If you are an Alaska man facing divorce, one of your biggest concerns may well be how much, if any, of your pension plan your about-to-be former spouse will receive. The answer to that depends on several factors.

Alaska law requires that you and your spouse divide your marital property fairly and equitably in a divorce. Your pension plan may, therefore, come into play.

QDRO definition

If your pension plan is one of those covered by the Employee Retirement Income Security Act of 1974, you will need the judge to issue a Qualified Domestic Relations Order in addition to or incorporated within your divorce decree.

A QDRO is a legal document that follows all the rules and requirements of your pension plan in terms of the distributions of its funds. Keep in mind that a QDRO is separate and apart from any property settlement agreement you and your spouse may agree to. No matter what your property settlement agreement says, if your pension plan requires a QDRO, you must have one. It supersedes your property settlement agreement with respect to your pension.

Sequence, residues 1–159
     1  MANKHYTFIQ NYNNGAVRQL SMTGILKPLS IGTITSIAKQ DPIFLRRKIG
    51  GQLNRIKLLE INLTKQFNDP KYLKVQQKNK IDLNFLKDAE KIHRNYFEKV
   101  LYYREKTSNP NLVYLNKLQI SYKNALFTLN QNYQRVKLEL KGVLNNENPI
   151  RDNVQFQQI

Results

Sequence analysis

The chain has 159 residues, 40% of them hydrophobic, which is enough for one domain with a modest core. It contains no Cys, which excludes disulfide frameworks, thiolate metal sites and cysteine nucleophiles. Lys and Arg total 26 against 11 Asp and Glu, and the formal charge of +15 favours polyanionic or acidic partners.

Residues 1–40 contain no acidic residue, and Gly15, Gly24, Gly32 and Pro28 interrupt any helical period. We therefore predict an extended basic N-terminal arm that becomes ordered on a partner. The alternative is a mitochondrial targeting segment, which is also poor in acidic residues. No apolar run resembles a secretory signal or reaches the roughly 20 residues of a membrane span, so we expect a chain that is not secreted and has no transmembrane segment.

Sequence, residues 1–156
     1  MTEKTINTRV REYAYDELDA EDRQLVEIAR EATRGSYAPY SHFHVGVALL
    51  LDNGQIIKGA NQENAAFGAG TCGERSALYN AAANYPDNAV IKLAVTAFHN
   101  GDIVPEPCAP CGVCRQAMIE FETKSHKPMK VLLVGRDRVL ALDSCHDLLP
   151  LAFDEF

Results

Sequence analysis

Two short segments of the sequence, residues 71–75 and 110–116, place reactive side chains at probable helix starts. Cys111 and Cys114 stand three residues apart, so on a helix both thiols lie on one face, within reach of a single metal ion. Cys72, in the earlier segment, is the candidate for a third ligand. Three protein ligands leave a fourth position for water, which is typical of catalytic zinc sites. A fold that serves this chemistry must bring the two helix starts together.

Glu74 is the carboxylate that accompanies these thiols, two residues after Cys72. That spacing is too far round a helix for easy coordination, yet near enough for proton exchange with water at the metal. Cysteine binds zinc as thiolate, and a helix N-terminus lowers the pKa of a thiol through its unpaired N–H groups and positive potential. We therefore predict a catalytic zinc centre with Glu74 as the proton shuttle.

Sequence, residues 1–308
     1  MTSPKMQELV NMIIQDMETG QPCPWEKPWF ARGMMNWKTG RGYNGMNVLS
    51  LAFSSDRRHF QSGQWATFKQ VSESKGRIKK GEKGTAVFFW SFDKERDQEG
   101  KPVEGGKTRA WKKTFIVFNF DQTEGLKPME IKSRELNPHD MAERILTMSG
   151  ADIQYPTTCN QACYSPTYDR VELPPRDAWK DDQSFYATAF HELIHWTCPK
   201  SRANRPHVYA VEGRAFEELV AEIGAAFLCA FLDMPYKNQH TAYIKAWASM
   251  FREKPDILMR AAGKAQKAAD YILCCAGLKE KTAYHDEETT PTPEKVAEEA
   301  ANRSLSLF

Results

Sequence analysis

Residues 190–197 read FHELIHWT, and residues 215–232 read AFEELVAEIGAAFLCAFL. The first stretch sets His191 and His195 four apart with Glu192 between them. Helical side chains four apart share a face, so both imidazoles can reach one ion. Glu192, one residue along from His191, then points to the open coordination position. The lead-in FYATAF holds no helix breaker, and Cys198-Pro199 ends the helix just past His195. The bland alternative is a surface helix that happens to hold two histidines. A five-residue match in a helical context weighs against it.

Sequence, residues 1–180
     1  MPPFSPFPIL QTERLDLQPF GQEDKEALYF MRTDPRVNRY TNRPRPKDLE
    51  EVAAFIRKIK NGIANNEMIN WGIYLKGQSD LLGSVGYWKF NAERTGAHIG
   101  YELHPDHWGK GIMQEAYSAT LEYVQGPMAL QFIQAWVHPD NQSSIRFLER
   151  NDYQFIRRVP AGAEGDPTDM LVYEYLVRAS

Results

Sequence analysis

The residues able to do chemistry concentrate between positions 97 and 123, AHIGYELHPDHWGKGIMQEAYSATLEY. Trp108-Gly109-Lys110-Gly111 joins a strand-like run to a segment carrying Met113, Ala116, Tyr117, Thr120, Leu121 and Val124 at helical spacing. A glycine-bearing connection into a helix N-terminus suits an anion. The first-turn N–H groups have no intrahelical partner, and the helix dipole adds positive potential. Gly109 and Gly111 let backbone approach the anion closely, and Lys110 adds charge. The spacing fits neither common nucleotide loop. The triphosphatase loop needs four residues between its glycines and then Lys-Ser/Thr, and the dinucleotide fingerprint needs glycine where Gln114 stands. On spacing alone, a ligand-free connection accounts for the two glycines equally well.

Initial step

The first thing you need to do is to find out if ERISA covers your pension plan. Call your plan’s administrator to obtain this information. If it does, explain to the administrator that you and your spouse are divorcing and will need a QDRO. Ask him or her if (s)he has a sample QDRO (s)he can send you so you and your attorney can use it as a guideline in constructing your own.

After drafting

QDROs represent some of the most complex legal documents in existence. Even though your attorney will go to great lengths to make sure your QDRO contains all the necessary language and provisions, your wisest strategy consists of sending your completed QDRO to your plan administrator so (s)he can approve it before you sign it. This will preclude the possibility of it containing any inadvertent mistakes.